FORT MYERS, FLA. - Even though the Twins signed Sidney Ponson to a minor league contract, they expect him to win a job in the starting rotation, manager Ron Gardenhire said Wednesday.
"I view [Ponson] being one of our starters," Gardenhire said. "I expect him to step up and take one of those jobs. Whether it happens or not is totally up to him."
Spring training will create a wide-open competition behind ace Johan Santana, of course.
But in a perfect world, the Twins would like to break camp with veterans Carlos Silva, Ramon Ortiz and Ponson behind Santana.
That would leave youngsters Boof Bonser, Scott Baker, Matt Garza, Glen Perkins and Kevin Slowey to compete for a fifth spot.
"We've got a lot of young pitchers in our system," General Manager Terry Ryan said. "We don't want to expose too many of them at once. We don't want to do something to stunt their growth."
Ortiz, 33, is a virtual lock to make the rotation. The Twins guaranteed him $3.1 million in a one-year major league contract. Ponson, 30, will make $1 million only if he makes the major league roster, and he can earn up to $2 million in incentives.
The Twins want their young pitching prospects to bid for spots in the starting rotation without getting overwhelmed with the pressure.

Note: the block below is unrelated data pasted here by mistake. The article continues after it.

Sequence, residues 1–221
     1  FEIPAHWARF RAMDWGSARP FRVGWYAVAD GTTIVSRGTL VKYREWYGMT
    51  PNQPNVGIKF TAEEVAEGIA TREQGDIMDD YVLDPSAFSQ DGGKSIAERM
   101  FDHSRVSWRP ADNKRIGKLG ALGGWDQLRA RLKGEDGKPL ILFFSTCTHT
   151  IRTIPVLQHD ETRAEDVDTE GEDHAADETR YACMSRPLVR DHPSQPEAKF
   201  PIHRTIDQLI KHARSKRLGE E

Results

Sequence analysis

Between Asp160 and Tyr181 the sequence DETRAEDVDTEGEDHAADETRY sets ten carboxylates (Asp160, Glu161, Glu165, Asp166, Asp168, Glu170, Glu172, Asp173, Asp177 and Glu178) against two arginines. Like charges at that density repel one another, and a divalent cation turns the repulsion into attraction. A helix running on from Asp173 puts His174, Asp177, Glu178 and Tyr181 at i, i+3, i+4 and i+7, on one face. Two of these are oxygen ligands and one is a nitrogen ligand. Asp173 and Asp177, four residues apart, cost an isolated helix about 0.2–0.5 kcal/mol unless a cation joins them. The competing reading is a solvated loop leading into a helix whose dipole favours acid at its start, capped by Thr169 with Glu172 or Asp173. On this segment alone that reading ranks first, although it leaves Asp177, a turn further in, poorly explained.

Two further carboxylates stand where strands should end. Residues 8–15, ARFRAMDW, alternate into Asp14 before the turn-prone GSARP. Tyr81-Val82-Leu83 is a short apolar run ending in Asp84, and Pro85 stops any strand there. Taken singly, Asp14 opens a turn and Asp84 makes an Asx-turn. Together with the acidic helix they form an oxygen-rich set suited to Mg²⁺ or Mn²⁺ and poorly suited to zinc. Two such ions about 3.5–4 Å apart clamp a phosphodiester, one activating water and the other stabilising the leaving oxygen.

Ryan noted that the team used 10 different starting pitchers last year. So the youngsters' time should come.
"It makes them work harder to change our minds," Gardenhire said. "You're not going to have to worry about these guys; they are going to pitch in the big leagues.
"You're looking for a few veterans so that you can give a bit more time to some of these young arms.
"But if that doesn't happen, as we've said all along, and it doesn't look like it's going to work out [with the veterans], then we go the other route."
Cuddyer is content
The Twins couldn't come to an agreement on a multiyear contract extension with Michael Cuddyer and nearly went to arbitration before settling on a one-year, $3.575 million deal.
But Cuddyer said the process left him with no hard feelings toward Ryan.
"Mr. Ryan, from Day One, has always been in my corner," Cuddyer said. "Even when not too many people were in my corner, he was always there. This arbitration process would never make me lose respect for him as a person and as a GM, or this organization. I understand that this is a process, and it's not an attack against one particular person."
With his visa problems cleared up, Ortiz now plans to travel from the Dominican Republic to Fort Myers today and participate in Friday's workout.